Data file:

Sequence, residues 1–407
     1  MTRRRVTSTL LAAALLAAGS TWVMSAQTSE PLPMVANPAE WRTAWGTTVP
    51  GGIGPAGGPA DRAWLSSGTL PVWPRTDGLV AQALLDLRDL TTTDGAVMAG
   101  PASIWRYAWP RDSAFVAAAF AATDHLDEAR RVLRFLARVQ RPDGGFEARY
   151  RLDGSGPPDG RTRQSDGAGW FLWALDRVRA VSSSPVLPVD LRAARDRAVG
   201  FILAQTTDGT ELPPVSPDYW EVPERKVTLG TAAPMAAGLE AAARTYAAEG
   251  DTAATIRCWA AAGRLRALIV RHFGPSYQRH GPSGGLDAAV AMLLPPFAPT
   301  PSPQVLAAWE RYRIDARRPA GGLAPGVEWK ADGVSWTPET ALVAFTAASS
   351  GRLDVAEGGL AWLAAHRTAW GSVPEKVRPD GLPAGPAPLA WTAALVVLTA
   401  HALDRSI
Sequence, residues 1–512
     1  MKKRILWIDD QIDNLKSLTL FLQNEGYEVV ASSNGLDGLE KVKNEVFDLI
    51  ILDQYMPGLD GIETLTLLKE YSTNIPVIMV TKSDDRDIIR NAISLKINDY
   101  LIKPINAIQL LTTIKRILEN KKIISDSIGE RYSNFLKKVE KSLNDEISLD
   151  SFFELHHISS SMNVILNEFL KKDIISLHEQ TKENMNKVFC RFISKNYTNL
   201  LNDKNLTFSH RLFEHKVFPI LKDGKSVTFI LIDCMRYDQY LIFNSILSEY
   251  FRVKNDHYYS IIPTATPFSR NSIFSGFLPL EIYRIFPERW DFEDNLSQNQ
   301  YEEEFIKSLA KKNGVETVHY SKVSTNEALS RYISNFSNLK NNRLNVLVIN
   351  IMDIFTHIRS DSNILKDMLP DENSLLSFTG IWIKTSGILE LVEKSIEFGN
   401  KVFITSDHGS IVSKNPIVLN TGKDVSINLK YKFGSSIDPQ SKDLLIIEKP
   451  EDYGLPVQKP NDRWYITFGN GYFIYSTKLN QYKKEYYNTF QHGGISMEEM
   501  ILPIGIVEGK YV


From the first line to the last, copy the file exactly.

Sequence, residues 1–407
     1  MTRRRVTSTL LAAALLAAGS TWVMSAQTSE PLPMVANPAE WRTAWGTTVP
    51  GGIGPAGGPA DRAWLSSGTL PVWPRTDGLV AQALLDLRDL TTTDGAVMAG
   101  PASIWRYAWP RDSAFVAAAF AATDHLDEAR RVLRFLARVQ RPDGGFEARY
   151  RLDGSGPPDG RTRQSDGAGW FLWALDRVRA VSSSPVLPVD LRAARDRAVG
   201  FILAQTTDGT ELPPVSPDYW EVPERKVTLG TAAPMAAGLE AAARTYAAEG
   251  DTAATIRCWA AAGRLRALIV RHFGPSYQRH GPSGGLDAAV AMLLPPFAPT
   301  PSPQVLAAWE RYRIDARRPA GGLAPGVEWK ADGVSWTPET ALVAFTAASS
   351  GRLDVAEGGL AWLAAHRTAW GSVPEKVRPD GLPAGPAPLA WTAALVVLTA
   401  HALDRSI
Sequence, residues 1–512
     1  MKKRILWIDD QIDNLKSLTL FLQNEGYEVV ASSNGLDGLE KVKNEVFDLI
    51  ILDQYMPGLD GIETLTLLKE YSTNIPVIMV TKSDDRDIIR NAISLKINDY
   101  LIKPINAIQL LTTIKRILEN KKIISDSIGE RYSNFLKKVE KSLNDEISLD
   151  SFFELHHISS SMNVILNEFL KKDIISLHEQ TKENMNKVFC RFISKNYTNL
   201  LNDKNLTFSH RLFEHKVFPI LKDGKSVTFI LIDCMRYDQY LIFNSILSEY
   251  FRVKNDHYYS IIPTATPFSR NSIFSGFLPL EIYRIFPERW DFEDNLSQNQ
   301  YEEEFIKSLA KKNGVETVHY SKVSTNEALS RYISNFSNLK NNRLNVLVIN
   351  IMDIFTHIRS DSNILKDMLP DENSLLSFTG IWIKTSGILE LVEKSIEFGN
   401  KVFITSDHGS IVSKNPIVLN TGKDVSINLK YKFGSSIDPQ SKDLLIIEKP
   451  EDYGLPVQKP NDRWYITFGN GYFIYSTKLN QYKKEYYNTF QHGGISMEEM
   501  ILPIGIVEGK YV